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Sex educationWe were always wondering how the new Education Secretary was going to stamp her name on the position.  Well now it seems as though we have our answer.

Nicky Morgan stepped into the role after the entire education profession rejoiced at the removal of Michael Gove in July this year.  With promises to make sure that marking controversies were sorted in time for the next exam period, it all seemed to be off to a good start.

We’re now nearly a month into the school year and it seems as though Ms Morgan has played her first major card – and it’s all around that contentious issue of sex education.

It’s been one of those things that schools keep having to readjust for time and time again – when kids are in primary schools they’re taught about some of the more basic details about puberty and the like.  Gradually as they grow older hormones are examined and many will look at different roles of contraception.

Of course, the inconsistent nature of the curriculum and some rather interesting methods of delivery have meant that it’s all a bit patchy to be honest.  Therefore, when it comes to actually a consistent set of standards we seem to be some way off the mark.

Morgan has attempted to respond to these concerns by making sure that we know what should be expecting from schools.  Not only that, but she’s also responded to some of society’s more sensitive issues.

In recent weeks and months the news has been rather full of stories of domestic violence and other horrific things.  According to new plans, this subject and other difficult topics are going to be discussed:

  • The very sensitive issue of rape and consent is going to be a key topic.
  • Female Genital Mutilation (FGM) – one of the more reprehensible parts of modern society – is one the agenda to be discussed and debated.
  • Pornography is a frequent topic for debate in the government in terms of internet controls and soon it will make an appearance on the school curriculum.
  • Domestic violence is going to be tackled – it’s made the news recently with several high profile athletes being suspended for their part in it.  It’s clear that the government wants to combat the issue in the classroom.
  • Online sex abuse is being targeted in IT lessons, but now it seems as though this will form a part of the new material.

Nicky Morgan has accepted that there are gaps in what is currently available for schools in terms of resources and has signed a document produced by the activist group End Violence Against Women Coalition – aimed at providing a resource for schools.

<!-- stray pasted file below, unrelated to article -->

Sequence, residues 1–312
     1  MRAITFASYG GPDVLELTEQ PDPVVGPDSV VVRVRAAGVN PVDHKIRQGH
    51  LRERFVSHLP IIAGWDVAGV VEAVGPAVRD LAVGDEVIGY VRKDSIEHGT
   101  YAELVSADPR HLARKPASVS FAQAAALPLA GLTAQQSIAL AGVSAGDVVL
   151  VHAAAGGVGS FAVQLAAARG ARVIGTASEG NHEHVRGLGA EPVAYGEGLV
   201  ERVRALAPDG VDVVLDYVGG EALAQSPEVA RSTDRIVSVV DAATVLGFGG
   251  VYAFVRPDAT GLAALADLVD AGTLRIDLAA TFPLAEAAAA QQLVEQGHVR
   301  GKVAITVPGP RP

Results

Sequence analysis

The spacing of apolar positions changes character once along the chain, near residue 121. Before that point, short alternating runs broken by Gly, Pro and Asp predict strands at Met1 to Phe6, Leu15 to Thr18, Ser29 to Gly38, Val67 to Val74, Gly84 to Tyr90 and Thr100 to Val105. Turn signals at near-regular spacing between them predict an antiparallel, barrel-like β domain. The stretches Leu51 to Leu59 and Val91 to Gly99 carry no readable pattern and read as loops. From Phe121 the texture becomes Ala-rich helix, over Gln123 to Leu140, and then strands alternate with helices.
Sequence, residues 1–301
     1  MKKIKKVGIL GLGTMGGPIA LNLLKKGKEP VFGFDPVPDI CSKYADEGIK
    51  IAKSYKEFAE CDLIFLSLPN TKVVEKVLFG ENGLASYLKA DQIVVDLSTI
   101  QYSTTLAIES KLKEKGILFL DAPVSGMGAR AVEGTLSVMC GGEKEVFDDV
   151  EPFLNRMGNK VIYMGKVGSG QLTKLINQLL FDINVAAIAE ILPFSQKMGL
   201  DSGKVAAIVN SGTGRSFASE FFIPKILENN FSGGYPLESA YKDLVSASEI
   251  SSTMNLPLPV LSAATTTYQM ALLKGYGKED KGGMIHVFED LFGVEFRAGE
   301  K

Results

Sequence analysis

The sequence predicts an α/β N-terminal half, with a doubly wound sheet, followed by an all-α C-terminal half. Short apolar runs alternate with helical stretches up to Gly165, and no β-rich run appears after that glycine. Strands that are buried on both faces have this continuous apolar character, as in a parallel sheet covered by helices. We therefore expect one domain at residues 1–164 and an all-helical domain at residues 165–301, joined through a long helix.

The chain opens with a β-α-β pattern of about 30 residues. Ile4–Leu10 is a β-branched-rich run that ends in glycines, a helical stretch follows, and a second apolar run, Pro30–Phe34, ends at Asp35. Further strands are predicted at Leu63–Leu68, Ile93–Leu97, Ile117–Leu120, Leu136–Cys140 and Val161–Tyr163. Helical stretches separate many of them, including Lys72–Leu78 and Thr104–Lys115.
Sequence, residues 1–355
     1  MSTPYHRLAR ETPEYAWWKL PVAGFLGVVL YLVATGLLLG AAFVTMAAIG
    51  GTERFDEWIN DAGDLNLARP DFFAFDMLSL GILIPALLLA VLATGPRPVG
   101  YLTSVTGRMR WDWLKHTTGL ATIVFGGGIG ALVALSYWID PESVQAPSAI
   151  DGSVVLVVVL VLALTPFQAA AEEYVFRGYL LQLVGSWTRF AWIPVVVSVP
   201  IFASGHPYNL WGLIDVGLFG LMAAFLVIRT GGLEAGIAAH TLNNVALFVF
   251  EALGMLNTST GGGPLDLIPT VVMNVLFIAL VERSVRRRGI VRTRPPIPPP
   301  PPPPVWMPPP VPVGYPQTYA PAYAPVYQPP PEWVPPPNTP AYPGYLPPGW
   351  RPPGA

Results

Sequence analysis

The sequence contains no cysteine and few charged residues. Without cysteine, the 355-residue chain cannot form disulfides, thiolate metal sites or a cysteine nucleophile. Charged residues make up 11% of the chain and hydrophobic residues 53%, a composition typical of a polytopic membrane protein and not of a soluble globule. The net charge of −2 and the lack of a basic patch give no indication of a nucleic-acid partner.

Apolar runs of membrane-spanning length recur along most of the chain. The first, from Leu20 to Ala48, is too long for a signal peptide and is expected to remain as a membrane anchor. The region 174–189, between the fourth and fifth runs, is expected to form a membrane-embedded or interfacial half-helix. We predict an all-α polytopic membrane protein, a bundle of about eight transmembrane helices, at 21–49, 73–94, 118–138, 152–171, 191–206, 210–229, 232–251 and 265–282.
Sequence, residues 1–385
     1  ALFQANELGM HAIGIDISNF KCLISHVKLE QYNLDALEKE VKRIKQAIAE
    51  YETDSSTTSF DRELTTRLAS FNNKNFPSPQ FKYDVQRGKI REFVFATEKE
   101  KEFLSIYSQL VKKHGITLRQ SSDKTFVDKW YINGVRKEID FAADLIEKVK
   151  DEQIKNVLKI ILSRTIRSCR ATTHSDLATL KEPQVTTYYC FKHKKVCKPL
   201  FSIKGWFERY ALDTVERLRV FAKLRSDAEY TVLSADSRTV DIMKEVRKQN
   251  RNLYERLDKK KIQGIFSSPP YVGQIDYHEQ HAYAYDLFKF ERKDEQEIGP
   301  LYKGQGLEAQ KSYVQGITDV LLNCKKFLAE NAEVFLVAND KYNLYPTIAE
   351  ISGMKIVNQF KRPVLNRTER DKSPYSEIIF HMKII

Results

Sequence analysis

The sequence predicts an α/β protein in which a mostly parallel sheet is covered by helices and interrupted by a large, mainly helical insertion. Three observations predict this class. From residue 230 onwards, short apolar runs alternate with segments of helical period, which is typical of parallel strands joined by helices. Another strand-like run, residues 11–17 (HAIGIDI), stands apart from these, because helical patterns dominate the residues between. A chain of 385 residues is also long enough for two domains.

The information sheet says that it is aimed at confronting ‘harmful attitudes in boys and young men’ before they become full adults.

The news has attracted a bit of criticism, with campaign group Parents Outloud being especially critical of Morgan pandering to a ‘hugely aggressive feminist group.’

According to member Margaret Morrissey, schools are going to find themselves taking highly explicit material into the classrooms, something which is not advisable in their view.

It’s a very difficult thing to gauge – I’m not a parent and so can’t really speak from a parent’s point of view.  I guess there are some parents out there who are happy for schools to provide support and education on the matter and I’m sure that others would want to deal with the issue themselves, at home.

The problem with a purely school-lead sex education is that these things are sometimes politicised and therefore the message blurred.  I mean, the government’s plan to force Internet Service Providers to censor pornographic content by default was controversial and amounted in many people’s eyes to repression – others new it as a necessary step in a battle of morals.  Regardless of your personal view, it does concern me that the pornographic material discussed in such sessions is going to automatically have a negative tone to it.  Right off the bat, we’ve got politics in the classroom rather than a balanced point of view.

My main issue is where this resource is coming from: a feminist group.  I have nothing wrong with the concept of feminism, let me say that off the bat.  However, it seems as though it’s quite an agenda that’s with the interests of purely girls and women involved.  I understand that the vast majority of rape and FGM victims are female, but it isn’t exclusively towards women.

I see no mention of forced circumcision, violence towards men and even instances of rape where the victim is a man.  Right off the bat it seems as though the default is ‘boys and young men, you have to behave and do the right thing.’ Where’s the balance?  Are we got going to teach girls and young women equal social and sexual responsibility too?

I mean, I know it’s a difficult topic and many people are not comfortable talking about this.  From that perspective there’s a real argument that schools shouldn’t deal with it at all and it should be left to families to decide what to talk about – or at least make it optional to those who feel comfortable.

I understand the concerns of the Parents Outloud group entirely – it does seem a rather one-track mentality towards the issue.  It is, however, a step in the right direction in removing some of these societal blights that we read all too much about.

In my view, it does seem a little politicised and there’s a big argument that it’s an overly-feminist agenda.  If that’s the case and it turns out as I fear, it could create more divisions and even make problems worse.  Education on these issues are key, but only if we can find the right balance of equality and keeping it politically neutral.

It’s a step in the right direction, yes… but it isn’t going to solve everything and doesn’t go far enough.

 

 

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